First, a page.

To and many other foreign languages, this continued from

To understand the
reasoning behind Emperor Kuang Hsu passionate reforms towards the Chinese education
system, we need to look at the historical period of which it was set, and what
was the state of the country and its people at the time. After China’s defeat
in the Opium War of 1842, the question of how to regain their loss of
sovereignty became a crucial issue for China. This is how the “self-strengthening”
movement was born in the 1870’s, there was a rift in the heads of authority as
most of those responsible for leading China favored to continue the policies of
the past while others advocated this new reform.

The
aim of the “self-strengthening” movement in the late 19th century was
ultimately to master Western technology in order to better resist Western
pressure, to
strengthen China against the West, and so many modern ideals and innovations
were implemented in China. Emperor Kuang Hsu was for the movement, he wanted
modernization. All his actions were a direct translation of his own life, he was
first sent the “China’s Only Hope” and many consider this to be what led him to
enter upon the universal reform and the adoption of the new educational system.
The Emperor went on to explore English and many other foreign languages, this
continued from 1894 till 1898, during which time his example was followed by
tens of thousands of young Chinese scholars throughout the empire. Kuang Hsu’s goals
was also an effort to make China strong enough to resist the incursions of the
European powers. He saw that Germany had taken Kiaochou, Russia had taken Port
Arthur, Japan had taken Formosa, Great Britain had taken Weihaiwei, France had
taken Kuangchouwan, and that even Italy was anxious to have a slice of his
territory, while all the English newspapers in the port cities were talking of
China being divided up amongst the Powers, and it was these things which led
the Emperor to enter upon his work of reform.

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In
summer of 1898, he sent out an edict to the effect that: “Our scholars are now
without solid and practical education; our artisans are without scientific
instructors; when compared with other countries, we soon see how weak we are.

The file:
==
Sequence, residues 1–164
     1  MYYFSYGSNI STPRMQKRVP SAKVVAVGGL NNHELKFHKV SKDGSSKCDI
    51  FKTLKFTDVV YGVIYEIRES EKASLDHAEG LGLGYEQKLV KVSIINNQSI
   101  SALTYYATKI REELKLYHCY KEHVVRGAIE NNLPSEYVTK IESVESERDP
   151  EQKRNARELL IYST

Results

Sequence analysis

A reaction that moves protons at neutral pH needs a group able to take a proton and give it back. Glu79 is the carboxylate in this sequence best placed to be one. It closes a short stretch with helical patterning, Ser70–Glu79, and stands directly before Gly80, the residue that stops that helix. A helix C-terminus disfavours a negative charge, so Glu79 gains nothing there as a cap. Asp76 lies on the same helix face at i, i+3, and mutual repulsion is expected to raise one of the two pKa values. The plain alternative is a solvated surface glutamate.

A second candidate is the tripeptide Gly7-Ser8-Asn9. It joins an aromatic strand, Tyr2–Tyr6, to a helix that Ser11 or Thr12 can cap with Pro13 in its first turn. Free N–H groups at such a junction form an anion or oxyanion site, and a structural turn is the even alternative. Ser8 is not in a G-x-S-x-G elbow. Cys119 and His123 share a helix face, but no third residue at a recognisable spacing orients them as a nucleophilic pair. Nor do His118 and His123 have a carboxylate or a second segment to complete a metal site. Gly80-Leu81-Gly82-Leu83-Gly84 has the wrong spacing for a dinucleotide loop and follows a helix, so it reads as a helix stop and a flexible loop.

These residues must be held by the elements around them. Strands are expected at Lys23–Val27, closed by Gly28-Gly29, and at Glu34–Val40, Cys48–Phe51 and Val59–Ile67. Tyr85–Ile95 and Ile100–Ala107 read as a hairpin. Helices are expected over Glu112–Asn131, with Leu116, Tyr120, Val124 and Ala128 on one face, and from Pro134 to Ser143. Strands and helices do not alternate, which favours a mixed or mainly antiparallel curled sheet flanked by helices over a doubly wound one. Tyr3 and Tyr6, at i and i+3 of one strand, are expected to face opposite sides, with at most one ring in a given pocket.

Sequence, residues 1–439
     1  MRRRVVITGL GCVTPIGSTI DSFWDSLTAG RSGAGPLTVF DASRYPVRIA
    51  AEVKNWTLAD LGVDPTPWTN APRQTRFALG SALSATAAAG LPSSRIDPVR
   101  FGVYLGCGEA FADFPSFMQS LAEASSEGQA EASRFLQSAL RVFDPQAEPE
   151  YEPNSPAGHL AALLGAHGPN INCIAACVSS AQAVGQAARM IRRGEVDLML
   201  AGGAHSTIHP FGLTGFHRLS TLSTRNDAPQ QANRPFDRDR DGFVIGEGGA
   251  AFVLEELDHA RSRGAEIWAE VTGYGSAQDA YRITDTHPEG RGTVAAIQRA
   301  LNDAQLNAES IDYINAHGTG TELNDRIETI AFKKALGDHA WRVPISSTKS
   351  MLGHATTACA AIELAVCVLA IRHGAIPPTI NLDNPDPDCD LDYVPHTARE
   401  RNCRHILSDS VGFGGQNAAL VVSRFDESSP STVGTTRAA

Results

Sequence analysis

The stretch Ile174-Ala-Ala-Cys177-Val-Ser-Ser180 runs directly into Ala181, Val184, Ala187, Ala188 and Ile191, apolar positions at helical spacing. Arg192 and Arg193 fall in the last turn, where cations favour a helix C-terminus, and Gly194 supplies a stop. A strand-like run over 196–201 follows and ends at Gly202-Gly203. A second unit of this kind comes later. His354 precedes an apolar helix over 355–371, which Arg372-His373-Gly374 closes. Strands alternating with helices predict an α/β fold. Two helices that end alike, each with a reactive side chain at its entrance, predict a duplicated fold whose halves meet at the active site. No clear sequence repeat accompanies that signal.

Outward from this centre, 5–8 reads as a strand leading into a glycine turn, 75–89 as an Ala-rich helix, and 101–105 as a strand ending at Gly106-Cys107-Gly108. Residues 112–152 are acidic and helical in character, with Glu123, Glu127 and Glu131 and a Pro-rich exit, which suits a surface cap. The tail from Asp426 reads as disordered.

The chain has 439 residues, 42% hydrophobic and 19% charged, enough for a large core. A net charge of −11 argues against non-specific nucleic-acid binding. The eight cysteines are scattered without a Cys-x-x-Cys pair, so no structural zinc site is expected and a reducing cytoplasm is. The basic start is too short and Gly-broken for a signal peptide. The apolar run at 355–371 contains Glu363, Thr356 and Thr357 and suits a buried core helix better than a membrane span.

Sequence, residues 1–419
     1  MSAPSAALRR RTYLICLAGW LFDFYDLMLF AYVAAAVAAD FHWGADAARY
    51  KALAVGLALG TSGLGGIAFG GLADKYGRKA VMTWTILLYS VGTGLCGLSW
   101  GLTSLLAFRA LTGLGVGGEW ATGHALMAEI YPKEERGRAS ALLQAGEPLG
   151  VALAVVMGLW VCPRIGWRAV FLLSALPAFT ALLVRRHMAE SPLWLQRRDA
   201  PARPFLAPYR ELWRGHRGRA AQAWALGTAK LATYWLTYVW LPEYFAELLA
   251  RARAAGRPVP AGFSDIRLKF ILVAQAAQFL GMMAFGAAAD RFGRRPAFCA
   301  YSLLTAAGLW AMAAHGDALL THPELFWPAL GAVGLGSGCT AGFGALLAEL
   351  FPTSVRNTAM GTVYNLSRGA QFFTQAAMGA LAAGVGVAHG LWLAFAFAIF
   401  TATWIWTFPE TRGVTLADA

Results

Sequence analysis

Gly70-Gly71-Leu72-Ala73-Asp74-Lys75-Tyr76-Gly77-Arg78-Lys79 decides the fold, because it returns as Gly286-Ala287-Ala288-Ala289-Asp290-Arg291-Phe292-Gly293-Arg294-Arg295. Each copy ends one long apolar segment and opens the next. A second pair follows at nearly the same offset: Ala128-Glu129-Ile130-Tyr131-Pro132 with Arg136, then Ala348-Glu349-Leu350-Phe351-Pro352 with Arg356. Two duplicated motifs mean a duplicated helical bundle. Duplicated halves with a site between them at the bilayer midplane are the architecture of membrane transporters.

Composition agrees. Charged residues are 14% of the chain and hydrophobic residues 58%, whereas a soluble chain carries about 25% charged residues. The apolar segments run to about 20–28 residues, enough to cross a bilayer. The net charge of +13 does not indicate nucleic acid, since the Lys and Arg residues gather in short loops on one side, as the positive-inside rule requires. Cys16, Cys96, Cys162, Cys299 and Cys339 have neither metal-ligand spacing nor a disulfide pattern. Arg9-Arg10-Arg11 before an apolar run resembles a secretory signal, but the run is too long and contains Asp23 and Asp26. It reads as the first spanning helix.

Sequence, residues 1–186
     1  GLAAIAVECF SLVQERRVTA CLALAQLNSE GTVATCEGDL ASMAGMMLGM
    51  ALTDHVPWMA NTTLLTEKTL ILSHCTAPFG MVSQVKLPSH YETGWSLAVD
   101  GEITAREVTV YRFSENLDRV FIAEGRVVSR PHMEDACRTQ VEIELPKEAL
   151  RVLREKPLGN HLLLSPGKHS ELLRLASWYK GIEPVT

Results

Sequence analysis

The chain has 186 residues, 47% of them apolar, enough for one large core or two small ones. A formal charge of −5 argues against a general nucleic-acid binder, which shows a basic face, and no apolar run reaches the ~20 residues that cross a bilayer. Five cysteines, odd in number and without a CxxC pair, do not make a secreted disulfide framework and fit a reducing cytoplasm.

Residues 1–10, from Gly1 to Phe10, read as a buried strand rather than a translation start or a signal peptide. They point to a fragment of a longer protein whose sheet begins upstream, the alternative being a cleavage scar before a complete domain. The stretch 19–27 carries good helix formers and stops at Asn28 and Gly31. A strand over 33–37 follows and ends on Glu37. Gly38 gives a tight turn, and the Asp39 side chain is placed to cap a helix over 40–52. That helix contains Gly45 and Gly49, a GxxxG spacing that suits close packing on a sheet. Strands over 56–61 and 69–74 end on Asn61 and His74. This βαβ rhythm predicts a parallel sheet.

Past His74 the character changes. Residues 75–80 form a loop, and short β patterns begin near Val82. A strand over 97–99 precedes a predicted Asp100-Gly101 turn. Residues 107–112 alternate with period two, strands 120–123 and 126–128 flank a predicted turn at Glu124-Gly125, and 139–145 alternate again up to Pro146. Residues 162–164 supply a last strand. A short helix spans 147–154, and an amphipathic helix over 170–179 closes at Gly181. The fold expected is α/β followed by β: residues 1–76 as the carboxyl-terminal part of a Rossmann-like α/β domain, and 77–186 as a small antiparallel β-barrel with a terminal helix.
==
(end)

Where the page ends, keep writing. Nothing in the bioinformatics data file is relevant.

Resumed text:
Does anyone think that our troops are as well drilled or as well led as those
of the foreign armies? Or that we can successfully stand against them? Changes
must be made to accord with the necessities of the times. Keeping in mind the
morals of the sages and wise men, we must make them the basis on which to build
newer and better structures. We must substitute modern arms and western
organization for our old regime; we must select our military officers according
to western methods of military education; we must establish elementary and high
schools, colleges and universities, in accordance with those of foreign
countries; we must abolish the examinations and obtain a knowledge of ancient
and modern world-history, a right conception of the present-day state of
affairs, with special reference to the governments and institutions of the
countries of the five great continents; and we must understand their arts and
sciences.” The Emperor preached to his people that they had to improve
their military, they must ‘Westernize’ themselves as a form of protection against
the West, they had to convert to Western methods of education, and that the Confucian
classics are not helpful anymore. In fact, in 1898 he issued a series of edicts
ordering schools and colleges to be set up for European learning, even
establishing a department for the translation of foreign literature,
encouraging foreign travels and the study of foreign literature and sciences.
He also attempted to reform government, military and economy by abolishing several
‘useless’ offices, reorganizing the army, and civil service. The entire period
of reform extended only over just one hundred days and came to be known as the
“Hundred Days” of reform.

            However, Kuang Hsu’s was appointed emperor at an early
age and struggled throughout his reign to break away from the power of his
conservative aunt, the Empress Cixi, who at one point in time was the ultimate
political authority in China. The Empress, was completely against the reforms,
and the introduction of European innovations rouse a strong reaction from her
as she appointed herself at the head of the reactionary party. Empress Cixi and
her supporters were successful in stripping the Emperor of all his powers and
put him under arrest, she then cancelled the reform edicts as well as put to
death some reforming colleagues of the Emperor. Even though the 100 Day reform had
technically failed, it overall attempted bring educational and administrative reform,
introduced a little about democracy, it resulted in more schools, opportunities,
exploration in science, and the decrease Confucianism and Confucian scholars into
also set stage for Boxer Rebellion of 1899 –1901, and the final outcome was the
successful revolution of 1911 and the establishment of the first republic in
Chinese history.

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